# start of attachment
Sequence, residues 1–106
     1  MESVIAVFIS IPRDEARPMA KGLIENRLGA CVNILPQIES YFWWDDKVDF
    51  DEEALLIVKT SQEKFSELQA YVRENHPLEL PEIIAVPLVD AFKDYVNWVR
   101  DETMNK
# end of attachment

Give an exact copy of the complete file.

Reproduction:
Sequence, residues 1–106
     1  MESVIAVFIS IPRDEARPMA KGLIENRLGA CVNILPQIES YFWWDDKVDF
    51  DEEALLIVKT SQEKFSELQA YVRENHPLEL PEIIAVPLVD AFKDYVNWVR
   101  DETMNK